pressure of 10 MPa, % methyl ester conversion was 65.82%,
(20002- 30)
Space time (s) - 1015
while at higher pressure of 19 MPa, % methyl ester conversion (13)
increased only slightly to 67.64%. Nonetheless, in this work,
985
the experiments were carried out at the higher pressure of 19
MPa, and as at higher pressure, fluid density is also high, and
providing a more favorable condition for the interaction between
molecules. xCCO % ME conversion ) 10.82 + 1.31A + 1.25B +
3.6. Fitting Regression Model by the Least-Squares 2.46C - 1.45A2 - 2.87C2 (14)
Method. The regression model of experimental data with respect
to % methyl ester conversion can be determined by the least- xPKO % ME conversion ) 10.21 + 1.62A + 1.48B +
squares method.15 From Tables 6 and 7, the analysis of variance 2.14C - 1.65A2 - 2.17C2 (15)
Production of Biodiesel from Vegetable Oils Energy & Fuels, Vol. 20, No. 2, 2006 817

Table 9. Properties of CCO and PKO Biodiesel Products at 350 °C and 19.0 MPa; Molar Ratio of Methanol-to-Oil Is 24 in Comparison with
Low Speed Diesel and Standard Biodiesel Fuels (ASTM D6751-02)
specification obtained samples
method of low speed biodiesel low speed CCO PKO
properties analysis diesel (B100) diesel biodiesel biodiesel
specific gravity (15.6 °C) ASTM D1298 0.92 max - 0.836 0.8796 0.8801
cetane No. ASTM D976 45 min 40 min 55 42 44
flash point (°C) ASTM D93 52 min 100 min 77 120 156
higher heating value (MJ/kg) ASTM D240 45.2 min - 46.0 39.4 38.3
kinematic viscosity (mm2/s) ASTM D445 8 max 1.9-6.5 3.4 3.81 4.8

Figure 7. Relationship between predicted % methyl ester conversion


Figure 6. Relationship between predicted % methyl ester conversion from regression model of palm kernel oil versus % methyl ester
from regression model of coconut oil versus % methyl ester conversion conversion from the experiment.
from the experiment.
specification of low speed diesel fuel and biodiesel (B 100) as
From eqs 14 and 15, all coefficients have a plus sign in the specified in ASTM D6751-02. The results are shown in Table
first-order term, indicating that % methyl ester conversion 9. Hence, CCO and PKO biodiesel properties are much
increases with these factors, conforming with the experimental improved from those of vegetable oils, as the flash points and
result shown in sections 3.3 and 3.4. The second-order terms viscosities are much reduced, and the specific gravities are
of A and C (temperature and space time) illustrate that there lower. All properties meet the biodiesel standard. This indicates
are optimum points within the experimental condition range. that biodiesel from CCO and PKO can readily replace low speed
The regression models for coconut oil and palm kernel oil in diesel fuel.
actual variables are shown in eqs 16 and 17, respectively.
4. Conclusions
xCCO % ME conversion ) -93.43 + 0.59T + 0.07M +
Continuous transesterification of coconut oil and palm kernel
8.51 × 10-3 τ - 9.08 × 10-4T2 - 2.96 × 10-6τ2 (16) oil in supercritical methanol was successfully attempted. The
xPKO % ME conversion ) -107.91 + 0.68T + 0.08M + best conditions are 350 °C, 19.0 MPa, molar ratio of methanol-
to-oil of 42, at a space time of 400 s. Percent methyl ester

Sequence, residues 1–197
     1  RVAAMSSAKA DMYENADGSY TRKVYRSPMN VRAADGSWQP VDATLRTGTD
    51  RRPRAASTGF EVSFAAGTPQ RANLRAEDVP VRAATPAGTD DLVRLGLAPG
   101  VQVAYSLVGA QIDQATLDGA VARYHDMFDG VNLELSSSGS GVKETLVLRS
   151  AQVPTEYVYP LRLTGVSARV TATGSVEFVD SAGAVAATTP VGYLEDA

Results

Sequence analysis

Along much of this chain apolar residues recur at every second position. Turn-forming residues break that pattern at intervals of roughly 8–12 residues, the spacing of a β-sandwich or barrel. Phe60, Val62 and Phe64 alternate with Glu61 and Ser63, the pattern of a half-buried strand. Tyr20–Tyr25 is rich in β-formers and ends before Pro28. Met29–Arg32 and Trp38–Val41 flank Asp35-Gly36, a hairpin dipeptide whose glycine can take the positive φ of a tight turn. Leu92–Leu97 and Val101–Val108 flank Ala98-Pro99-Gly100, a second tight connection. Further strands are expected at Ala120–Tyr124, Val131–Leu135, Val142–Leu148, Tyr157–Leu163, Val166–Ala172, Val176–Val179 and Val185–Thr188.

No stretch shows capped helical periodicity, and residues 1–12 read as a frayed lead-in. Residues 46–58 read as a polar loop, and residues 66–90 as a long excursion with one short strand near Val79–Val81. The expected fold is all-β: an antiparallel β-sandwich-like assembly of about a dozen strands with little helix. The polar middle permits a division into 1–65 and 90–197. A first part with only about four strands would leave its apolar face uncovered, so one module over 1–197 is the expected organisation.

6.72 × 10-3τ - 1.03 × 10-3T2 - 2.24 × 10-6τ2 (17) conversions are 95 and 96% for coconut oil and palm kernel
where T ) temperature (270 to 350 °C), M ) molar ratio of oil, respectively. The regression models by the least-squares
methanol-to-oil (6 to 42), and τ ) space time (30-2000 s). method to predict % methyl ester conversion from coconut oil
The statistical values of both regression models are given in and palm kernel oil show that the main effects (temperature,
Table 8. From Table 8, the coefficients of determination (R2) molar ratio of methanol-to-oil, and space time) and second-
are 0.81 and 0.85 for coconut oil and palm kernel oil regression order effects (temperature and space time) are significant with
model, respectively. The predicted % methyl ester conversions no interaction effect, and the coefficients of determination (R2)
from regression models of coconut oil and palm kernel oil versus are 0.81 and 0.85, respectively. Methyl ester products were
experimental result are shown in Figures 6 and 7, respectively. analyzed, and it was confirmed that their fuel properties met
In Figures 6 and 7, the relationship lies on the diagonal line, the specification of biodiesel (B 100) as specified in ASTM
and hence both regression models are adequate to predict % D6751-02.
methyl ester conversion from given factors (temperature, molar
ratio of methanol-to-oil, and space time). Acknowledgment. We express our sincere appreciation to Tab
3.7. Methyl Ester Properties. The final methyl ester products Sakae Co. Ltd. and Cheeva Mongkol Co. Ltd. for supplying the
coconut oil and palm kernel oil samples. We are also grateful for
at 350 °C, 19.0 MPa, molar ratio of methanol-to-oil at 24, also
the financial support from The Graduate School of Chulalongkorn
known as biodiesel, together with a low speed diesel fuel sample, University, The Petroleum and Petrochemical Technology Con-
were tested for their fuel properties and compared to the sortium, Ministry of University Affairs, and the National Energy
and Policy Office.
(15) Montgomery, D. C. Design and Analysis of Experiments; Wiley &
Sons: New York, 2001; pp 392-415. EF050329B